When the early expansion of the business was taking shape in 1914, the war, which saw the start of the flying machine and the mechanisation of the land forces, brought specialised production problems and throughout the war the company increased its production of vehicle accessories and manufactured fuses and aircraft instruments. A factory was built at Cricklewood. Towards the end of the war Smiths purchased Trier & Martin, which had a small lighting and starting business, and another concern making air-speed indicators. Smiths also manufactured sparking plugs for the Air Ministry under licence

In 1919 Smiths acquired the issued share capital of M.L. Magneto Syndicate Ltd., a manufacturer of patented magnetos.

In the latter part of 1927 Smiths made two important acquisitions, viz. the whole of the share capital of K.L.G. Sparking Plugs Ltd. (giving control of the K.L.G. plug business) and 75 per cent of the share capital of Ed. Jaeger (London) Ltd. (Jaeger was a manufacturer of clocks, watches, speedometers and other instruments and held exclusive licences to make some of these goods).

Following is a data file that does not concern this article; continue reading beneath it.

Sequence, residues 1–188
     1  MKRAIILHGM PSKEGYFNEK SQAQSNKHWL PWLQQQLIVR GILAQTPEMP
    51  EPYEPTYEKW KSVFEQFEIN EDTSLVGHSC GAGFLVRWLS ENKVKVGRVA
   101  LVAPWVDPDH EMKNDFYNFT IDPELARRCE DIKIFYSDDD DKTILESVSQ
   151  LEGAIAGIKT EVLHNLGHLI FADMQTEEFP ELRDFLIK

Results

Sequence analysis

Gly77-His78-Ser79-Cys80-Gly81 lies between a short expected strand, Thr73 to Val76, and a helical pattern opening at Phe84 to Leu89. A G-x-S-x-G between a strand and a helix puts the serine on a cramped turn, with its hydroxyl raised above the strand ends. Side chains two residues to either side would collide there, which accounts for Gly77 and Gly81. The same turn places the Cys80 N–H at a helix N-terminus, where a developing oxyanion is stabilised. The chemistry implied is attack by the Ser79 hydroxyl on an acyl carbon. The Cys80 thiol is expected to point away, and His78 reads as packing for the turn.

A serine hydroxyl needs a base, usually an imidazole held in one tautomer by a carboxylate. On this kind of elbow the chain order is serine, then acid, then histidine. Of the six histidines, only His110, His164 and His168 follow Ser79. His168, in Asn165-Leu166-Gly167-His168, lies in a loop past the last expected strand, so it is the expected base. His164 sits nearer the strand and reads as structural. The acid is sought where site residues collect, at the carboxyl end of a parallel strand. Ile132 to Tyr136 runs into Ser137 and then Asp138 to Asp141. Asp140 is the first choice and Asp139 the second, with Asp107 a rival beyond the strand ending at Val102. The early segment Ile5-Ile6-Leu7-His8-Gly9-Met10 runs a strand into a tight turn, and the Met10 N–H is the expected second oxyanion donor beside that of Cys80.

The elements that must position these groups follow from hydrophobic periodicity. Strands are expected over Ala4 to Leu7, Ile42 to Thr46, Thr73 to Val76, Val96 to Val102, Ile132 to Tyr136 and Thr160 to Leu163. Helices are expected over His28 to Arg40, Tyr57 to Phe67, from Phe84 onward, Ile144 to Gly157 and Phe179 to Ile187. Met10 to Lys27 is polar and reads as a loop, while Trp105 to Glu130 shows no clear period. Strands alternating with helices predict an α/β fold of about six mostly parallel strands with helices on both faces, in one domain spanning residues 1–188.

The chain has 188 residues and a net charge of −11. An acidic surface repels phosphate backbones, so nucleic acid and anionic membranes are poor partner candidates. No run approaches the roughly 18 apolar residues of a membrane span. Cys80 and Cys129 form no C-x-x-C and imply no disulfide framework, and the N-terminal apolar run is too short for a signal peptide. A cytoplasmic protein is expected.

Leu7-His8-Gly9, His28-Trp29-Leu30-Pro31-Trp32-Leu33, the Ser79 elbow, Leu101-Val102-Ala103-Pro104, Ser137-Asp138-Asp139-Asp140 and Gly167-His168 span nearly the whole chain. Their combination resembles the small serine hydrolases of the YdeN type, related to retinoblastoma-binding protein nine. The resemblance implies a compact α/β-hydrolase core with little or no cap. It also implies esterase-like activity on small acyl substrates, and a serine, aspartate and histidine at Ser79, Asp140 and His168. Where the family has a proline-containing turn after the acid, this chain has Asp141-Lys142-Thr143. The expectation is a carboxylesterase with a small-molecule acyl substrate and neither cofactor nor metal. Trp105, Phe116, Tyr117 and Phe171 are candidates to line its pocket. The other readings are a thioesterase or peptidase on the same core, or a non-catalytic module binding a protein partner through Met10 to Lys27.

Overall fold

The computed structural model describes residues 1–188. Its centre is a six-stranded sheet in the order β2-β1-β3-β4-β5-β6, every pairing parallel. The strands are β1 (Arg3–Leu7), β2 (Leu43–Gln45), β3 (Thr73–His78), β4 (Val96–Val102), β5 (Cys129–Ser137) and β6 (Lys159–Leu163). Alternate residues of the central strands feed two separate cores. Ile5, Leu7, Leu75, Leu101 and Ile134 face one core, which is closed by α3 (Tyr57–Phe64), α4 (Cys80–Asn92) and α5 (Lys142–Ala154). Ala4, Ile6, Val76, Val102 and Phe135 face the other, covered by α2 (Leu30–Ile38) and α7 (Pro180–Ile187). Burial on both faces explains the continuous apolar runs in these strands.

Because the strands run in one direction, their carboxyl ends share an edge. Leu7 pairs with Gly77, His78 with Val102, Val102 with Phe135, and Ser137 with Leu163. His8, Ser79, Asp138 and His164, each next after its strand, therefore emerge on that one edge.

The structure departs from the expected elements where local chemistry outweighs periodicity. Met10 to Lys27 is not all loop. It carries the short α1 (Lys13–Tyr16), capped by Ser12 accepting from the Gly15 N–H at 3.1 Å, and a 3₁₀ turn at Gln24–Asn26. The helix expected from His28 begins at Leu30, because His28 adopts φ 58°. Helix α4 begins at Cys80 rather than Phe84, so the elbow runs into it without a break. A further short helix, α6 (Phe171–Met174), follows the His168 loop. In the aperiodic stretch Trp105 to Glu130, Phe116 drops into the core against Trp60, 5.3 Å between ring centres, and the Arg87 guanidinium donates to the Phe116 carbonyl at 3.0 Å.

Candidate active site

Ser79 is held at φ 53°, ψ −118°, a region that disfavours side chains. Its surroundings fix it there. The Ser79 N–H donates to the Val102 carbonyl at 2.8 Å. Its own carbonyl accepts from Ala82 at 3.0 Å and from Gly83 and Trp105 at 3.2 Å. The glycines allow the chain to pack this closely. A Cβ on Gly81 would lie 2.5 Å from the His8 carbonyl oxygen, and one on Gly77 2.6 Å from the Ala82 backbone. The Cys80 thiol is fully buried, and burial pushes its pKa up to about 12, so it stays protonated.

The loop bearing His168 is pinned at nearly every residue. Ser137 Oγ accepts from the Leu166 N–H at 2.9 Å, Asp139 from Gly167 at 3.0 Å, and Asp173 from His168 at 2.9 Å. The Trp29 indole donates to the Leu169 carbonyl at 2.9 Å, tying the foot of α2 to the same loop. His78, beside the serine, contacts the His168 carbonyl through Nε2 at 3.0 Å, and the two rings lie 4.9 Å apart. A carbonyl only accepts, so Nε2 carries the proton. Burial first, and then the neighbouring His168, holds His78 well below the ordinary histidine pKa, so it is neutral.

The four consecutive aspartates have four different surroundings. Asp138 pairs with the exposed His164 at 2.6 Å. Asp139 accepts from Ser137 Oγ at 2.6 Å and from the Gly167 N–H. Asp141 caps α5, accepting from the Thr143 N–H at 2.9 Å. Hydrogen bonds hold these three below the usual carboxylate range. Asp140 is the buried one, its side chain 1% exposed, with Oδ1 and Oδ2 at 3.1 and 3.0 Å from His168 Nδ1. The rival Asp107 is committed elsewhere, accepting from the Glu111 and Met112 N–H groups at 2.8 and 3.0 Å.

In 1928 Smiths were producing nearly 100,000 car clocks per year and were importing the platform escapements for these. Allan Gordon-Smith formed the "All British Escapements Co Ltd " (ABEC) to manufacture escapements for "Smiths" and "Jaeger" car clocks.

Smiths was the majority shareholder; the other shares were held by the French and Swiss interests which had retained shareholdings in the English Jaeger company. Swiss foremen were installed to teach the manufacturing technique.

Although the company was formed in 1928, production did not start until 1932

From 1932 until 1945 A.B.E.C. operated as a manufacturing unit alongside ED Jaeger (London) Ltd {renamed British Jaeger Instruments Ltd. in 1931} in the latter's Chronos Works, North Circular Road, N.W.2, making escapements and components for domestic and car clocks and various other instruments.

Smiths' development as a supplier of components to the motor vehicle industry reached a turning point in 1930. In that year the company sold all the assets of its Lighting, Starting and Ignition Department and the whole of the share capital of M.L. Magneto Syndicate Ltd. to Joseph Lucas Ltd., and the two companies made a trading agreement under which each party undertook not to make certain products which were regarded as within the other's field of interest.